The U.S. Naval Medical Research Unit No. 3 (NAMRU-3) initiated a new project for efficient and sustained control of dengue vectors in Lahore, Pakistan. The emergence of dengue and dengue hemorrhagic fever is considered a major public health threat there.
Under a Department of State-funded project, NAMRU-3 and the University of Veterinary and Animal Sciences (UVAS) in Lahore, Pakistan began a collaborative relationship to establish a vector management lab at its Quality Operations Lab. Once established, prevention efforts will focus on implementation of early disease detection through promoting the core functions of regular vector surveillance, viral diagnosis in vector samples and control programs.
The first phase of this capacity building project began with a visit to UVAS in late 2012 to evaluate the current laboratory and conduct a laboratory risk assessment.
Noha Watany of NAMRU-3’s Vector Biology Research Program (VBRP), the lead collaborator on the project, conducted the four-day lab assessment. During the visit, Dr. Tahir Yaqub, director of the Quality Operations Lab at UVAS, allocated one floor for the vector management lab.
Established in 1882, UVAS is one of the oldest veterinary institutions in Asia. Its staff of highly specialized molecular biologists lacked specific training in mosquito identification, habitat, bionomics, general characteristics identification, use of a specific identification key, and how to handle insects for pathogen detection.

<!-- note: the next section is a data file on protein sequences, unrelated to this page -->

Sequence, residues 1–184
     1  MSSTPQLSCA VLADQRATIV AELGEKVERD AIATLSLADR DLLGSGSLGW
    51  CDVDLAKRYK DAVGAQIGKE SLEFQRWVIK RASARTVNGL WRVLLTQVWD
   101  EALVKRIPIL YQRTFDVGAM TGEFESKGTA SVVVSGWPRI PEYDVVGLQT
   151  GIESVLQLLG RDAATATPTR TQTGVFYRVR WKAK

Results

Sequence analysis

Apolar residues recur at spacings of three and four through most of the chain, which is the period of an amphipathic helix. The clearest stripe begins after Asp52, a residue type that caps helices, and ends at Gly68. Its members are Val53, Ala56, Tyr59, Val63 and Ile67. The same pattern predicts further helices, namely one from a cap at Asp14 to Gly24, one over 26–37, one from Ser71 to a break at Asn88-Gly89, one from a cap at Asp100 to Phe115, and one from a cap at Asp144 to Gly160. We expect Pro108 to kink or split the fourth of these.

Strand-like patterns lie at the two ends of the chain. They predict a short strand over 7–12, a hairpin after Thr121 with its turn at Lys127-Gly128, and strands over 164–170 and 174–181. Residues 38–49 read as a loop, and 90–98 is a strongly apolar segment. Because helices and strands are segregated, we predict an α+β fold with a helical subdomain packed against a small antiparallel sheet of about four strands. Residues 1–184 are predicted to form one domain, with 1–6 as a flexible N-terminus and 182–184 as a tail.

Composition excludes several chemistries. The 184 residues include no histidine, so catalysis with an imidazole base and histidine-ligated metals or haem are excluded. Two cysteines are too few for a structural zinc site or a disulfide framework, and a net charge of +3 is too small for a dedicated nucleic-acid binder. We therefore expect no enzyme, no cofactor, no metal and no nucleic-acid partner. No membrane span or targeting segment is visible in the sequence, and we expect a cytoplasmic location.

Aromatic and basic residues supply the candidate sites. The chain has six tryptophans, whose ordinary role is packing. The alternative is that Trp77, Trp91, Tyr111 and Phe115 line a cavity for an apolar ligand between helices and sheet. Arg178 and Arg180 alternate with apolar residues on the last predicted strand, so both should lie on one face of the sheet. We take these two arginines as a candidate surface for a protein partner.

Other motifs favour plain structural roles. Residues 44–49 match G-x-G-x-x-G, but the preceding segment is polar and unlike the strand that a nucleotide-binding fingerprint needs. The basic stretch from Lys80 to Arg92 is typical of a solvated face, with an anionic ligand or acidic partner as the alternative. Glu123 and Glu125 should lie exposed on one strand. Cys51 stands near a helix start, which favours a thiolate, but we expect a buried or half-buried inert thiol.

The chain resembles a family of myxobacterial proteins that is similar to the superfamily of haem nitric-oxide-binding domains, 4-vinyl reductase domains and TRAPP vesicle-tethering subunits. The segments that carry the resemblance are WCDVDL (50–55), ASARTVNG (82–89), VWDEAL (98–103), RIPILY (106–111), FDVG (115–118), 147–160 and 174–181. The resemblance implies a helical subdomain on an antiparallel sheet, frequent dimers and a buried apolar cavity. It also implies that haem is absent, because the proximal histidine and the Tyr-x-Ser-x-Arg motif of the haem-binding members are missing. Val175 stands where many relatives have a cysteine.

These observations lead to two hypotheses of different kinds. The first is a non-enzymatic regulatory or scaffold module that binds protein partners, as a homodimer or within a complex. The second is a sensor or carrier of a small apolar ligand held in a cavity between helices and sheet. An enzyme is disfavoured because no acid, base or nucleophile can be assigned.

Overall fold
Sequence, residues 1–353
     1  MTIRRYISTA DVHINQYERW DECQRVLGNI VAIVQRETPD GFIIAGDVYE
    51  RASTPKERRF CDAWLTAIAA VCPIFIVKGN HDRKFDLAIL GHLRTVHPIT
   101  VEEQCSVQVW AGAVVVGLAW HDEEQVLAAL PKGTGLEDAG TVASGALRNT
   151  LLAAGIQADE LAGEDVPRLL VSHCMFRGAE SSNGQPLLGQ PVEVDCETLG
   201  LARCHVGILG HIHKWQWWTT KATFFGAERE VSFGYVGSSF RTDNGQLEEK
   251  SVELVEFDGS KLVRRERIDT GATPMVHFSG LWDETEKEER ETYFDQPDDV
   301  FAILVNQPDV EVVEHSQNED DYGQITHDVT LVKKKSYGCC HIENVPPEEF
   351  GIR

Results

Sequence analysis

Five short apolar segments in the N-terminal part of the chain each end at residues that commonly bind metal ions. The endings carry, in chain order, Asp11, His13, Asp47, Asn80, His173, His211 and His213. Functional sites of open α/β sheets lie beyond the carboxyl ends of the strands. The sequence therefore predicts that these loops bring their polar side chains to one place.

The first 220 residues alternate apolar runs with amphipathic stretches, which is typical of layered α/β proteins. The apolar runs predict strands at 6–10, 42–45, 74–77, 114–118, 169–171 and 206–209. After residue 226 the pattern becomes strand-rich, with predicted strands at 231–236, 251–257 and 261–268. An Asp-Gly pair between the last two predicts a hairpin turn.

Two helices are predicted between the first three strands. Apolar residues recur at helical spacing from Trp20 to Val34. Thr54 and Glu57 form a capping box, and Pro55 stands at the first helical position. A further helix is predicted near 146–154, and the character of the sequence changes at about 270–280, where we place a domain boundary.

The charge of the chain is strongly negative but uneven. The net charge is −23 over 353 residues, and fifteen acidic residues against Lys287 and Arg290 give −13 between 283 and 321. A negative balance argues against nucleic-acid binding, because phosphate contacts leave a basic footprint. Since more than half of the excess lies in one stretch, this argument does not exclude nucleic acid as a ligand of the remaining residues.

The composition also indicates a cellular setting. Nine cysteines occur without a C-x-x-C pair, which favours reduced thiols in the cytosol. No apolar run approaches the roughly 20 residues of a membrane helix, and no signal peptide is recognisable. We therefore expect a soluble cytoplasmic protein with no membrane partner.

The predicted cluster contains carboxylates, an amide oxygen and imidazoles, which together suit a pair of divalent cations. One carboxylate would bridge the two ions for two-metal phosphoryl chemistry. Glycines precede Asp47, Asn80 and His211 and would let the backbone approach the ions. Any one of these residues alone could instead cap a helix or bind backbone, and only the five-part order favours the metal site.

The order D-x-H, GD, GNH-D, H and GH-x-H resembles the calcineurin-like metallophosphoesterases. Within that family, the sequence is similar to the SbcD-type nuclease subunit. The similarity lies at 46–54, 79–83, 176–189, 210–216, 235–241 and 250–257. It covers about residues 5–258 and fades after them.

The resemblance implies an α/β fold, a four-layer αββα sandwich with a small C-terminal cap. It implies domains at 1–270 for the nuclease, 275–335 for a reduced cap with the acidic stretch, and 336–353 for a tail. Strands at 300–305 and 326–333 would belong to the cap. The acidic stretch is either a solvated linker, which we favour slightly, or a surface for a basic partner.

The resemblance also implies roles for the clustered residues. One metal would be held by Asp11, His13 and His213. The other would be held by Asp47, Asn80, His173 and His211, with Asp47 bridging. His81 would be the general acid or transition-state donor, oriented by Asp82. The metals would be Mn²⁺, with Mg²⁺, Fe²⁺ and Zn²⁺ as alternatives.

In April, VBRP conducted training geared to meet the identified needs of this project. Yaqub, along with three other researchers, attended the training. “This training specifically addressed the needs of our lab, and even though I am a professor, the way in which the training was presented made it extremely beneficial for all of us,” Yaqub said.
Three additional researchers are scheduled to receive training at NAMRU-3 on biosafety and biosecurity and mosquito identification.
The next phase of the project is providing and installing the needed equipment to set up a vector management laboratory at UVAS and put into practice what the trainees learned at NAMRU-3.
“Supporting the reduction of vectorborne diseases will impact public health, which is critical in achieving regional health security,” said NAMRU-3 Commanding Officer Capt. Buhari Oyofo.
Article courtesy of Naval Medical Research Center. Image credit: Rafi George.